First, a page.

|Chiaverelli, Rachel - Jean Mayer Human Nutrition Research Center On Aging At Tufts University|
|Liu, Chun - Jean Mayer Human Nutrition Research Center On Aging At Tufts University|
|Hu, Kang-quan - Jean Mayer Human Nutrition Research Center On Aging At Tufts University|
|Wang, Xiang-dong - Jean Mayer Human Nutrition Research Center On Aging At Tufts University|
Submitted to: Federation of American Societies for Experimental Biology Conference
Publication Type: Abstract Only
Publication Acceptance Date: 4/1/2017
Publication Date: 4/1/2017
Citation: Chiaverelli, R.A., Liu, C., Hu, K., Wang, X. 2017. Beta-cryptoxanthin protection against cigarette smoke-induced inflammatory responses in the lung is due to the action of its own molecule. Federation of American Societies for Experimental Biology Conference. 31(1):170.2.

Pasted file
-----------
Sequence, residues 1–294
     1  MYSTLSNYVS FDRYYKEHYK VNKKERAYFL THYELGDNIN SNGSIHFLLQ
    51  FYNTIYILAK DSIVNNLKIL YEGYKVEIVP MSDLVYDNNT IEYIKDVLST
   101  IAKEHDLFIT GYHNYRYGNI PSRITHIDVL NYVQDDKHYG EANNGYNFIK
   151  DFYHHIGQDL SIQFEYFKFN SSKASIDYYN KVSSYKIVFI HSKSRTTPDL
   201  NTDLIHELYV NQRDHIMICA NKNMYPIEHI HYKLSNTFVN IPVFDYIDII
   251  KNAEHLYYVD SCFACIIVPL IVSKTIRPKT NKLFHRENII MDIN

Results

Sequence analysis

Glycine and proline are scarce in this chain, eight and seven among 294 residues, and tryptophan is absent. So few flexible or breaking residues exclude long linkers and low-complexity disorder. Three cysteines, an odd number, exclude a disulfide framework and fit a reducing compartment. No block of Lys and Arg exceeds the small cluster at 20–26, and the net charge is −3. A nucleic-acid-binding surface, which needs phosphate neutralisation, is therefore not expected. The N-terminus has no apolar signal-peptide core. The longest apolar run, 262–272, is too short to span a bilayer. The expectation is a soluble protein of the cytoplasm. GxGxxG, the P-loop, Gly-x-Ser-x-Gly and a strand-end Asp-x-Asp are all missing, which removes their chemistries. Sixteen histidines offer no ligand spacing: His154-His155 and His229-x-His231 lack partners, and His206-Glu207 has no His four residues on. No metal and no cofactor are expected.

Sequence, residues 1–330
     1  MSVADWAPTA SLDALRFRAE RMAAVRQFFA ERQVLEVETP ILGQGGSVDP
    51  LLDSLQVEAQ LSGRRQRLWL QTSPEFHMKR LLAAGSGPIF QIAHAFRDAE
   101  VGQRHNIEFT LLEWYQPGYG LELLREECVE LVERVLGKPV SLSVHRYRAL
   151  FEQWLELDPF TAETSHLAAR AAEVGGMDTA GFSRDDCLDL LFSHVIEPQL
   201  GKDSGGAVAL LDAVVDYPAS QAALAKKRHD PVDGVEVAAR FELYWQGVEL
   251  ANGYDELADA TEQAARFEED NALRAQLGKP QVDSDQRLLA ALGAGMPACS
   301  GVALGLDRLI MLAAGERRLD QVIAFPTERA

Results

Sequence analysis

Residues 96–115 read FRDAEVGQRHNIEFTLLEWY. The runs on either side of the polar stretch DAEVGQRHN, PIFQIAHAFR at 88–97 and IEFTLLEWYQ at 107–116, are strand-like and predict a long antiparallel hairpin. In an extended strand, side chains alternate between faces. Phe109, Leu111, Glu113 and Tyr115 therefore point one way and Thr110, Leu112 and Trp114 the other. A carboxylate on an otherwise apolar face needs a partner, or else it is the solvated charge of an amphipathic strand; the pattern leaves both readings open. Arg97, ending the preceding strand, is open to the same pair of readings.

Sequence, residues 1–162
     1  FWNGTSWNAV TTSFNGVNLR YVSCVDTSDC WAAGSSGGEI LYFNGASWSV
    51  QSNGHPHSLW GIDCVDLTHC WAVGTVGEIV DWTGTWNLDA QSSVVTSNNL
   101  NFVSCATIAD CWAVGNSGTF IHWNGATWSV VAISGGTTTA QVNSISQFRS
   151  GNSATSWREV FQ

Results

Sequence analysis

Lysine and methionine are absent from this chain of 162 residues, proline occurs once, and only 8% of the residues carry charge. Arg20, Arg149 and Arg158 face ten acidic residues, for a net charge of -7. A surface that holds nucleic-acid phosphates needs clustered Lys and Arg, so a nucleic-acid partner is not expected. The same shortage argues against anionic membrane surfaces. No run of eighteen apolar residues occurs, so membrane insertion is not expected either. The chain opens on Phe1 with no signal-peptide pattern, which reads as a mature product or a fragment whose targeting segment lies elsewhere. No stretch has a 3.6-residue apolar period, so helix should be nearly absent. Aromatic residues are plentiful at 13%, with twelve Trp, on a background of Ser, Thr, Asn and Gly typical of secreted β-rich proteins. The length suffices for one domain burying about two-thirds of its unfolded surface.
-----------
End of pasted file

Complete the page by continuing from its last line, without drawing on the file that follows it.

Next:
Technical Abstract: Higher intake of the dietary xanthophyll, beta-cryptoxanthin (BCX), has been associated with a lower risk of lung cancer death in smokers. We have previously shown that BCX feeding was effective in reducing both cigarette smoke (CS)-induced lung inflammation in ferrets and carcinogen-induced lung tumor multiplicity in mice. Since BCX can be cleaved by beta-carotene-15, 15'-oxygenase (BCO1) and beta-carotene-9', 10'-oxygenase (BCO2), to produce biologically active metabolites including vitamin A and apo-10'-carotenoids, respectively, this has raised a question as to whether the protective activity of BCX is due to the intact molecule or metabolites generated by BCO1 and BCO2. In the present study, we examined the effects of a dietary BCX feeding intervention against CS-induced lung inflammation in the absence of both BCO1 and BCO2 in mice. Both male and female BCO1/BCO2 double knock out (KO) mice at the age of 25 weeks were randomly assigned to either the BCX feeding group (20 mg/kg diet, equivalent to daily human consumption of approximately 1.7 mg of BCX, which is physiologically attainable by consuming 2-3 sweet red peppers) or to the no BCX feeding group, with both groups receiving equal and sufficient amounts of vitamin A in the diet. At 27 weeks of age, mice remained in the same feeding groups, and each feeding group was randomly divided further into groups with and without CS-exposure (Research Cigarettes, Type 3R4F) for 2 weeks. The amount of CS exposure was similar to that found in humans smoking 1.5 packages of cigarettes per day, confirmed by analysis for the concentration of urinary cotinine equivalents, a stable metabolite of nicotine. Results showed that BCX supplementation significantly decreased the amount of both neutrophil and macrophage infiltration, as well as the mRNA expression of IL6 and TNFalpha in the lung tissue of CS-exposed BCO1/BCO2 KO mice, with no sex differences, as compared to mice with CS-exposure alone. BCX supplementation also significantly decreased both the percentage of bronchiolar membranes with hyperplastic epithelium and the average distance between alveolated surfaces (Lm), accompanied with the down-regulation of protein levels of matrix metalloproteinases (MMP9 and MMP2) in the CS-exposed mice receiving BCX, compared to mice without BCX supplementation (P<0.05). Furthermore, BCX supplementation resulted in a significant accumulation of BCX (30-43 nmol BCX/g liver) in BCO1/BCO2 KO mice, but similar concentrations of retinol and retinyl ester, as compared with the non-supplemented mice, using HPLC analysis. No significant changes among groups were observed in circulating levels of plasma cytokines IL6, TNFalpha, and IL1-beta, by ELISA, among all groups. Body weight also remained unchanged among all groups. Taken together, the present study indicates that intact BCX, independent of carotenoid cleavage enzymes, prevents CS-induced inflammation and alveolar enlargement without sex differences in vivo.